Billy Childs’ set that closed the inaugural ‘Legends’ event at the Emirates Airline Dubai Jazz Festival may have been short but it was perfectly formed.
With bandmates Donny McCaslin, all languid precision on saxophone and clarinet, the energetic double bass of Hans Glawisching and the powerhouse drums of Kendrick Scott (who deserves special mention for continuing to play standing up without missing a beat after his stool broke and had to be replaced), the three-time Grammy award-winner turned in a layered and lustrous performance that illustrated his reputation as one of jazz’s most diverse pianists/composers.
Things got off to a rattling start with Backwards Bop, featuring a high-octane solo from Glawisching, and continued with Aaron’s Song (a track Childs, in one of his regular chats to the crowd, told us was written for his son) and Twilight Is Upon Us. Then came a change of pace, and the highlight of the evening, with a deft rendition of Peace by Horace Silver, which Childs acknowledged was a brave decision given the fact that by that point Santana was hitting his straps on the main stage.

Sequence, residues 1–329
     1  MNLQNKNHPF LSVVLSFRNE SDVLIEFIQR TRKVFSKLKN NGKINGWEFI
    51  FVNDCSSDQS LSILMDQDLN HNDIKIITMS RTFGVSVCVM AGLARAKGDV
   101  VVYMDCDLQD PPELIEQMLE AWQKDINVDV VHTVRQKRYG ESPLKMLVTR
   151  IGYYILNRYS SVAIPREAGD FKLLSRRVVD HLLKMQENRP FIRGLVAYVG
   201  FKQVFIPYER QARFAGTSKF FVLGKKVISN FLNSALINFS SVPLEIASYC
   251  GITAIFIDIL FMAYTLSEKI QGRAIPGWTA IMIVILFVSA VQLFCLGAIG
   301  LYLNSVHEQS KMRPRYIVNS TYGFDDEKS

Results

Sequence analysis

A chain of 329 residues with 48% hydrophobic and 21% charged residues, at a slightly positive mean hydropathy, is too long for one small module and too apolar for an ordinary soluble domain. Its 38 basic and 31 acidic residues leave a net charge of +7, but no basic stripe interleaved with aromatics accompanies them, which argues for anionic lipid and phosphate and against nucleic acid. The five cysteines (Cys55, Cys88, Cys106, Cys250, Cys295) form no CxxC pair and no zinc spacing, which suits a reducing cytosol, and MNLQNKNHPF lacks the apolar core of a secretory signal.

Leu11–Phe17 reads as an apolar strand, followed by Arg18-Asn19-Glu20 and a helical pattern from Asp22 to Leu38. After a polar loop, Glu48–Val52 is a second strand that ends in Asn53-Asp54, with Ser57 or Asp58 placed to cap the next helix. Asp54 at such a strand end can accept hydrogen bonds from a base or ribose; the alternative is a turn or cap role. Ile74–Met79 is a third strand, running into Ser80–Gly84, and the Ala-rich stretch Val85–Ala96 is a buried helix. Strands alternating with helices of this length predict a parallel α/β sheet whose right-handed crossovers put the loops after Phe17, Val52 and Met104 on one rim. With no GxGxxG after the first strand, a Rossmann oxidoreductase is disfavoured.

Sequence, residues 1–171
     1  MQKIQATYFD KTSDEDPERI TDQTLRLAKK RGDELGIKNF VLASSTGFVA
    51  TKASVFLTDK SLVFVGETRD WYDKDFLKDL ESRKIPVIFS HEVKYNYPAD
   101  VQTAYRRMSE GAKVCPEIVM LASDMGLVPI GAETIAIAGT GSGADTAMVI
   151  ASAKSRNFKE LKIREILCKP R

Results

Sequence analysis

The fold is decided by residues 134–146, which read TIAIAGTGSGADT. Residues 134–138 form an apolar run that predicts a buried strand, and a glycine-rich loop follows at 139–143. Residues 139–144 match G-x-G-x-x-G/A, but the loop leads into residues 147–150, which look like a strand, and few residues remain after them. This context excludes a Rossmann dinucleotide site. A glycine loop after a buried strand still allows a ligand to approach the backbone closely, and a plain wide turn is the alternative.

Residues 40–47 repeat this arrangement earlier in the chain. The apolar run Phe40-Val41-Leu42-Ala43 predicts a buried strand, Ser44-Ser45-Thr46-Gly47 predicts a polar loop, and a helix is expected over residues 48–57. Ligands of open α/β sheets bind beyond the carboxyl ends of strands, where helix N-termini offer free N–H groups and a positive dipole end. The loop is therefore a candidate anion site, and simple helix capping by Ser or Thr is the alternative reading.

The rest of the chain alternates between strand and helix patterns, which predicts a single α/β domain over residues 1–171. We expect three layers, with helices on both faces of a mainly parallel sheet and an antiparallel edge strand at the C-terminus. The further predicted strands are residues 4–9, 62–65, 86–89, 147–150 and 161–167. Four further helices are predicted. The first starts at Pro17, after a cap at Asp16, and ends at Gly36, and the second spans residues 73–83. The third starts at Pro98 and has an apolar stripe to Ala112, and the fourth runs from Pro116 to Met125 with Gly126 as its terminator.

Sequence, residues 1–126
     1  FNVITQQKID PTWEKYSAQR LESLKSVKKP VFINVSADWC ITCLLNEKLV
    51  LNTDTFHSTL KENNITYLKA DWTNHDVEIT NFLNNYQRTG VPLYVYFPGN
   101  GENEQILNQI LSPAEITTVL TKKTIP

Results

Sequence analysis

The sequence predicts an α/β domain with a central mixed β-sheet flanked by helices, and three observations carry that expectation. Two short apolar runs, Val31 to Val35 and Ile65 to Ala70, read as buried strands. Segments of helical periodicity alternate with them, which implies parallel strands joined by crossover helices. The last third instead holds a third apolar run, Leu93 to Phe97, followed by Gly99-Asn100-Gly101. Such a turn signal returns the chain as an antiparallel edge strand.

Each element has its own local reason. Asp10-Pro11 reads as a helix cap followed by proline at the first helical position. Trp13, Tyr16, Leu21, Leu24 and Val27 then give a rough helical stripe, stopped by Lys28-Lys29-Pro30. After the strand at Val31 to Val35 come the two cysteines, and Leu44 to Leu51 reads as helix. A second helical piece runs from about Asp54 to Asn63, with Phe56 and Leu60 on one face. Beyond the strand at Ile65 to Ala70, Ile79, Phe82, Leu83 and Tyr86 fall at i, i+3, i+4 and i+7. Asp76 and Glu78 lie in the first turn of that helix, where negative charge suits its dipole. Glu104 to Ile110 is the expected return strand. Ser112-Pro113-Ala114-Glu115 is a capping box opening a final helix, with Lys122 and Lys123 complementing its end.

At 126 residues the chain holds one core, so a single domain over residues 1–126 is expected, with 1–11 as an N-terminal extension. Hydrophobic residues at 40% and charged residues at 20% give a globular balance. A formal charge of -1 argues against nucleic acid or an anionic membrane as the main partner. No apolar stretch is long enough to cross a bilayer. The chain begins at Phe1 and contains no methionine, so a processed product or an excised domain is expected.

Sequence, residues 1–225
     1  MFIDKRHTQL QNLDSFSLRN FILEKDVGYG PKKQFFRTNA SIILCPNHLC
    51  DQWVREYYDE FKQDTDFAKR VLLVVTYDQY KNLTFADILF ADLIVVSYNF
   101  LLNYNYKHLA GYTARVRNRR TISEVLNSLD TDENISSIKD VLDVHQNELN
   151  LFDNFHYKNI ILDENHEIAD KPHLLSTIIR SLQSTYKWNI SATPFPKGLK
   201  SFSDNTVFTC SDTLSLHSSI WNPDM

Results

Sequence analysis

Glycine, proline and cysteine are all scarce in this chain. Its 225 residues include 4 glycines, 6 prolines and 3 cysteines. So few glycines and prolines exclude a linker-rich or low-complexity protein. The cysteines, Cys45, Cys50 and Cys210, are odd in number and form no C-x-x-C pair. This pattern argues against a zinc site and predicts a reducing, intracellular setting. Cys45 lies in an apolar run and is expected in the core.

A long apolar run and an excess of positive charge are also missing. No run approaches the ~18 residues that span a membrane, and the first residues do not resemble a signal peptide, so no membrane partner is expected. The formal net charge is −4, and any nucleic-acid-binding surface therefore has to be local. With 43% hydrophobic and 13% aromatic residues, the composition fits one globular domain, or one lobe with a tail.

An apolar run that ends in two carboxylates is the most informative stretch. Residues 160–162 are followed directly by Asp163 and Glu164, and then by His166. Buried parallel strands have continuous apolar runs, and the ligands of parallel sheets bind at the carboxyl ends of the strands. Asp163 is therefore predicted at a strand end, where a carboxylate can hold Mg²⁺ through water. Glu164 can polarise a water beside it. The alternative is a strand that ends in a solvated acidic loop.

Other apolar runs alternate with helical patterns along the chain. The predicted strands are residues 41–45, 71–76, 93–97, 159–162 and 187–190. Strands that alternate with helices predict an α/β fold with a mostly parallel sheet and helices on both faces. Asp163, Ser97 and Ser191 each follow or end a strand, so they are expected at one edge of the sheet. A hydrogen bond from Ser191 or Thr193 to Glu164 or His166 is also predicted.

Childs made a joke of it, even playing along on the piano to Oye Como Va (‘If you can’t beat them…’ he said), but in truth it was as frustrating for the quartet as it was for their audience.
Still, the closing number, A Starry Night, was a rousing send-off, giving McCaslin and Scott the perfect platform on a track that still sounds fresh despite being almost 20 years old.
And that was that. The set was scheduled to last for an hour and a half but instead ran for a little over 50 minutes and with Al Foster also coming off early on the opening night it is clear there were some teething problems with the scheduling. But these are early days and we can only hope the issues are resolved for the next edition.
The organisers are to be commended for getting such a stellar group of jazz musicians together, but having quiet and loud in such close proximity just doesn’t work.